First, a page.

KIEV (Reuters) - Ukraine leveled fresh charges on Tuesday that Russia was sending support to pro-Russian separatists in the east, saying that five columns of heavy equipment were seen crossing onto Ukrainian territory on Monday.
The latest accusations come amid a standstill in diplomatic efforts to end the six-month conflict in the east in which the United Nations says more than 4,300 people have been killed.
Separately, the Kiev military said one soldier was killed and five others injured in the past 24 hours as a fragile ceasefire declared on Sept. 5 continued to come under pressure.
“The Russian side is continuing to provide the terrorist organizations of the Donetsk and Luhansk people’s republics with heavy armaments,” said a foreign ministry spokesman.
Evhen Perebyinis told journalists that a total of 85 vehicles had been detected in the five columns that entered at the Izvaryne border crossing point from Russia on Monday.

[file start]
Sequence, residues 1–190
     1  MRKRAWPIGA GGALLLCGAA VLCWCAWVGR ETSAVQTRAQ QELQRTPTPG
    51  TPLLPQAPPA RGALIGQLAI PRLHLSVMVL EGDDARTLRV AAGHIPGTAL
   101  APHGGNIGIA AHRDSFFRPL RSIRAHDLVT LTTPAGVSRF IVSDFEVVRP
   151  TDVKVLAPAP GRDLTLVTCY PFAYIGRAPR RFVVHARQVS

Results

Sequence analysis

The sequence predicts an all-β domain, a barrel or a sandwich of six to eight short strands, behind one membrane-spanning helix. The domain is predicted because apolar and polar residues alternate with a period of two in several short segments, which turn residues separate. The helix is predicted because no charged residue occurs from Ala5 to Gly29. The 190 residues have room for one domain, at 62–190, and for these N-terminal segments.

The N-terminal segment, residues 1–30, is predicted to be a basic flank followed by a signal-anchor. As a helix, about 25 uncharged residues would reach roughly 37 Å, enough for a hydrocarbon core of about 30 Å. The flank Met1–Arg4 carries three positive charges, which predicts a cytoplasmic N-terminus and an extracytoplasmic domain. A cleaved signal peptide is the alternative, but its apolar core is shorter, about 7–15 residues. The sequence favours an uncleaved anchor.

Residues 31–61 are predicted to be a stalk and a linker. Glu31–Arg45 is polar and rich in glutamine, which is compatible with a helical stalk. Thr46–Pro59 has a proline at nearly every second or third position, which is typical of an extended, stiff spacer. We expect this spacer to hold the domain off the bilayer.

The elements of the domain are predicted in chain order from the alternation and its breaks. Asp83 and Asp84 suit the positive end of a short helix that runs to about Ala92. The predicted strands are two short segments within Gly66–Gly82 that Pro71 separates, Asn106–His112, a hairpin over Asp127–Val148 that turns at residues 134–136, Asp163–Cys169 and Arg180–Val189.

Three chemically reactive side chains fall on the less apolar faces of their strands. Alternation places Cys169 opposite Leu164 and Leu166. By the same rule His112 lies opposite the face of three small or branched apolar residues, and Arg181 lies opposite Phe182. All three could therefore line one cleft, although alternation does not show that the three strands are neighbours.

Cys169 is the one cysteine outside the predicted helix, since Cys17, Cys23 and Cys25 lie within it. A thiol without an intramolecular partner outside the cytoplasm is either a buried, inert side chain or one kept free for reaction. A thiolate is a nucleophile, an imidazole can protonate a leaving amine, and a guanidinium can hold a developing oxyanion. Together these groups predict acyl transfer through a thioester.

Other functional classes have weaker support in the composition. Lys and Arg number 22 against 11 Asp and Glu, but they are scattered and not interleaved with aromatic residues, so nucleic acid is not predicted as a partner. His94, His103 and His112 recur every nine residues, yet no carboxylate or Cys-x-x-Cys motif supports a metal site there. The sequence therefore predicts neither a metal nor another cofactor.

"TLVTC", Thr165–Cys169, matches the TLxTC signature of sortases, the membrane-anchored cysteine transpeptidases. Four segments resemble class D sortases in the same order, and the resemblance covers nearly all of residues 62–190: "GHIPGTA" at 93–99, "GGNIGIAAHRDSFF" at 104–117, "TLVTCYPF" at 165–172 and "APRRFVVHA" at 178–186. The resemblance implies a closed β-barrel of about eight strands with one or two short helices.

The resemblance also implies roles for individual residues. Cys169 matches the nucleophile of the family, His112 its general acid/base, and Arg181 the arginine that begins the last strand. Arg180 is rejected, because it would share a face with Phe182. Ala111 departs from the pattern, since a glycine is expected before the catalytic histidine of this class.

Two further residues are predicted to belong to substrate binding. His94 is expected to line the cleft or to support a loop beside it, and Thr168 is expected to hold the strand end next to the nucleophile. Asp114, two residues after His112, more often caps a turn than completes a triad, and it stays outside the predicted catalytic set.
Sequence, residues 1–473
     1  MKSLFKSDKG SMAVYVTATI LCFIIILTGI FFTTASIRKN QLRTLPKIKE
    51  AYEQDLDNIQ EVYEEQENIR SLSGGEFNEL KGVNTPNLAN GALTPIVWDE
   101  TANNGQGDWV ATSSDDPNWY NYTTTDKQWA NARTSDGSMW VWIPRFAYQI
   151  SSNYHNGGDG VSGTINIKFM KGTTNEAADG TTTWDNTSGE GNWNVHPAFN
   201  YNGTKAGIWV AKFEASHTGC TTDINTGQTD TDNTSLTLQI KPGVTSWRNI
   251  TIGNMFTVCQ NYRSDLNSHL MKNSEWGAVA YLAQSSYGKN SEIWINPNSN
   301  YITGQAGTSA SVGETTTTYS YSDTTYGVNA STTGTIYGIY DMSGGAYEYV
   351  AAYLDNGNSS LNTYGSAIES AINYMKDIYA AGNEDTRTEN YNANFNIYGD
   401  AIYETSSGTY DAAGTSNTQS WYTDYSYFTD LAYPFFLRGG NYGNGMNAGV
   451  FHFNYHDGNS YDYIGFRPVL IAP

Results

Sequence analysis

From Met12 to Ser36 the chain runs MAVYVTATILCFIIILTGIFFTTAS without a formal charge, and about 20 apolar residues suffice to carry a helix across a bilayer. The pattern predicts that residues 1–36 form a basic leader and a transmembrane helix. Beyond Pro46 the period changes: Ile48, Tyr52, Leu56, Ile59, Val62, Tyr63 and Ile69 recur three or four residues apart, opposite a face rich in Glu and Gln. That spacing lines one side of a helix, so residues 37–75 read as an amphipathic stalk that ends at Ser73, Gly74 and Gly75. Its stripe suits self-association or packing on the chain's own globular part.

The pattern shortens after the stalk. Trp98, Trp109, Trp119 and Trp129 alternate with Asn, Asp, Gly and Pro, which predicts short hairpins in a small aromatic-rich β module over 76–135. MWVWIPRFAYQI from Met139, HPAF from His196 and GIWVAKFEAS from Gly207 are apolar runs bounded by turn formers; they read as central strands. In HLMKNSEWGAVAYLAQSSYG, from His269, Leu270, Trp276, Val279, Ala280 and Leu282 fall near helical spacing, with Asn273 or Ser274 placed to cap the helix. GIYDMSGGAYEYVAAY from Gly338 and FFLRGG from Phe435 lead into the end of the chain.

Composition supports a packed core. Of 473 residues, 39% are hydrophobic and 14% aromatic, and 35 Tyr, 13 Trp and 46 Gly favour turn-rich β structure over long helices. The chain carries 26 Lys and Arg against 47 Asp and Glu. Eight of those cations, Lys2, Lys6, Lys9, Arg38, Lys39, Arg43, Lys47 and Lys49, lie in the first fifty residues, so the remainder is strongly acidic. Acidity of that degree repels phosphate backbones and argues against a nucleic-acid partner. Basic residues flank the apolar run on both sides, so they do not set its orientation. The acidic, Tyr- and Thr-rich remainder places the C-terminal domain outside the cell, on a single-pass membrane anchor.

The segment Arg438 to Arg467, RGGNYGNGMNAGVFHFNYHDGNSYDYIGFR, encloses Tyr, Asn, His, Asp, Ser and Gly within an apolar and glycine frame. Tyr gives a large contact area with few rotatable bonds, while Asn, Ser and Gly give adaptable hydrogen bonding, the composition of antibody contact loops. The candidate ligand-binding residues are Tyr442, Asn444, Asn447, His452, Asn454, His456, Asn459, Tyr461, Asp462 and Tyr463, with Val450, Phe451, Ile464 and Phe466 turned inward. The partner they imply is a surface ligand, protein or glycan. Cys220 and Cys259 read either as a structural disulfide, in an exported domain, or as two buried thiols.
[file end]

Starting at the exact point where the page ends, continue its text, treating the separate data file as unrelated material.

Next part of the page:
“Up to six of these were heavy armored transporters. The rest were vehicles and buses carrying fighters and ammunition,” he said.
Despite what Kiev’s pro-Western leaders and Western government say is incontrovertible proof, Russia denies sending in troops to support separatist rebels trying to hive off parts of Ukraine’s industrialized east and eventually join Russia.
Asked about reports of Russian humanitarian aid convoys entering Ukraine without authorization, he said: “A significant amount of the goods which are being supplied ... is fuel, ammunition and other military help.”
Perebyinis repeated an earlier charge that on Nov. 20, for the first time since a peace deal had been signed by Russia, Ukraine and the separatists, Ukraine had been subjected to artillery fire from the Russian Federation near the village of Kamyshine near the rebel-controlled border town of Luhansk.
Describing the fire as “outright aggression” against Ukraine’s territorial integrity, he called on Russia to pull out its troops and equipment from Ukrainian territory.
Reporting by Natalia Zinets; Writing By Richard Balmforth; Editing by Tom Heneghan